Good afternoon from El Segundo on a chilly (if we’re grading on a curve) February afternoon. The Kings took the ice for their game day skate well in advance of 10:00 a.m., and though I missed the first set of line rushes due to Thursday morning traffic, the team rolled through lines later in the morning:
-All three goaltenders took the ice, though Peter Budaj left the ice first and is expected to draw the start against Boston (7:30 p.m. PT / FOX Sports West / FOX Sports GO / KABC 790 / I Heart Radio).
-There was some encouraging news on Jordan Nolan (muscle pull) and Paul LaDue (upper-body). We’re getting a bit closer to getting a stronger sense of a return for Nolan, who participated fully in the last two morning skates and should go through a regular practice tomorrow. “He’s getting closer. He’s better today,” Darryl Sutter said. Nolan said that he’s still sore and expects to have to play through a little bit of pain for the remainder of the season, but that it shouldn’t be anything he won’t be able to handle. Though he didn’t rotate through the first three defensive pairs, Paul LaDue skated after missing Tuesday’s morning skate and game. He confirmed that his injury took part in a tangle-up in a corner with roughly 15 seconds remaining in the Anaheim game last Sunday and that it should keep him out for “not too long.”
-The Kings are on a penalty killing tear, having emerged successfully from 35 of the last 36 shorthanded situations. “I think we’re adjusting,” Dwight King said. “I think we’ve played a lot of different styles of power plays. I think it kind of helps obviously late in the season, there are teams that kind of mimic each other in their layout, so I think we’ve seen almost every different style. It’s just a matter of reading the personnel that each team has. I think guys are tuning in a little bit on that.” It’s interesting – penalty killing retention over the course of a season often takes place most thoroughly through video, not practice, because you don’t want players laying out to block shots at 10 in the morning in El Segundo. I spoke with King and John Stevens about what has stood out about this particular stretch as opposed to other strong PK stretches, and in addition to the familiar point of view that tight penalty killing detail is an offshoot of a team’s five-on-five play, learned some interesting bits that I’ll share shortly.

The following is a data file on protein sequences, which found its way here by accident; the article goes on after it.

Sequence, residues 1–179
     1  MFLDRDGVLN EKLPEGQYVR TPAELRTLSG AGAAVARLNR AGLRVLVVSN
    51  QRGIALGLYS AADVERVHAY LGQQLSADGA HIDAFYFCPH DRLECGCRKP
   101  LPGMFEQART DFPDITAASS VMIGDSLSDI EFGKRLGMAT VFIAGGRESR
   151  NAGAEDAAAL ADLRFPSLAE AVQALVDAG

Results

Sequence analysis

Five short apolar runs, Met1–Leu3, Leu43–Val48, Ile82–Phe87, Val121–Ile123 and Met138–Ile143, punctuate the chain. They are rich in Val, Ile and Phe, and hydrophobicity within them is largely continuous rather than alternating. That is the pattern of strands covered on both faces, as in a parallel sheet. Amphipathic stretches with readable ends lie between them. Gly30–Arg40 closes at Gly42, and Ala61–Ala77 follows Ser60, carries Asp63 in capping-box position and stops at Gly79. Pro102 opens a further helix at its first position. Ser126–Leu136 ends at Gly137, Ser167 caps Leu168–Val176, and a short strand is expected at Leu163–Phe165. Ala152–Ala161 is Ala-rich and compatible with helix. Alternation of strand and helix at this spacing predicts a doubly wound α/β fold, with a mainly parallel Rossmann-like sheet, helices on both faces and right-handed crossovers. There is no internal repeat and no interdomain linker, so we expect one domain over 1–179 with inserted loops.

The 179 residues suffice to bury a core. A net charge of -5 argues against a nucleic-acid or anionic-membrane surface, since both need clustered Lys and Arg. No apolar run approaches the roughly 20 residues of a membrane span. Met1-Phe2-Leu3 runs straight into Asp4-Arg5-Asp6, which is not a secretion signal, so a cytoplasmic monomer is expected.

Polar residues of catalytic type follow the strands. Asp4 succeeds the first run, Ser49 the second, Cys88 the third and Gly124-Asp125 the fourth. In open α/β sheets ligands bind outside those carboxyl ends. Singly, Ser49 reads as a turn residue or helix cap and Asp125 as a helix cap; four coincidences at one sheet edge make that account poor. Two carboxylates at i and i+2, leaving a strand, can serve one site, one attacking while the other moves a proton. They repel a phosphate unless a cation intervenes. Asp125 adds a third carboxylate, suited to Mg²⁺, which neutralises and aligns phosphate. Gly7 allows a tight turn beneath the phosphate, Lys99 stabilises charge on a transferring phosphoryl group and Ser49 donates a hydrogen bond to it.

-Also excellent penalty killers: the Boston Bruins, who lead the league with an 86.6% mark. (It’s part of a very good special teams package overall in Boston.) It’s always nice to have the Patrice Bergeron Lamborghini and the Brad Marchand Ferrari in your shorthanded garage, but the Bruins have also received shorthanded goals from Brandon Carlo and Zdeno Chara, both defensemen, as part of an aggressive kill. Boston will turn to Anton Khudobin in net. Khudobin, 2-5-1 with a 3.05 goals against average and .888 save percentage, will make his second start since December 23. He earned a win by stopping 29 of 32 shots in a 4-3 win over Vancouver in his last outing. Since Interim Head Coach Bruce Cassidy replaced Claude Julien, Boston is 4-1-0 and has averaged 3.8 goals per game. The lone setback was an entertaining 5-3 loss in Anaheim last night. The Bruins, tied for the second Wild Card berth with the New York Islanders and Panthers but without games in hand, have been doing a good job generating scoring opportunities under Cassidy and lead the league with a 55.5% CF%. The Kings rank second at 54.9%, so we’ve got ourselves a good, old-fashioned CORSI FIGHT at Staples tonight.
-More to come shortly, Insiders. Darryl Sutter quotes will follow. In the meantime, blow your mind out with this report. And here I was like a dummy, thinking Trappist was just a really good type of beer. Tonight’s officials are referees Steve Kozari and Marc Joannette and linesmen Mark Wheler and Matt MacPherson. Tim Kepler will perform tonight’s national anthem. Let’s talk soon, Insiders.
Morning skate photos, courtesy of Jon Bradley: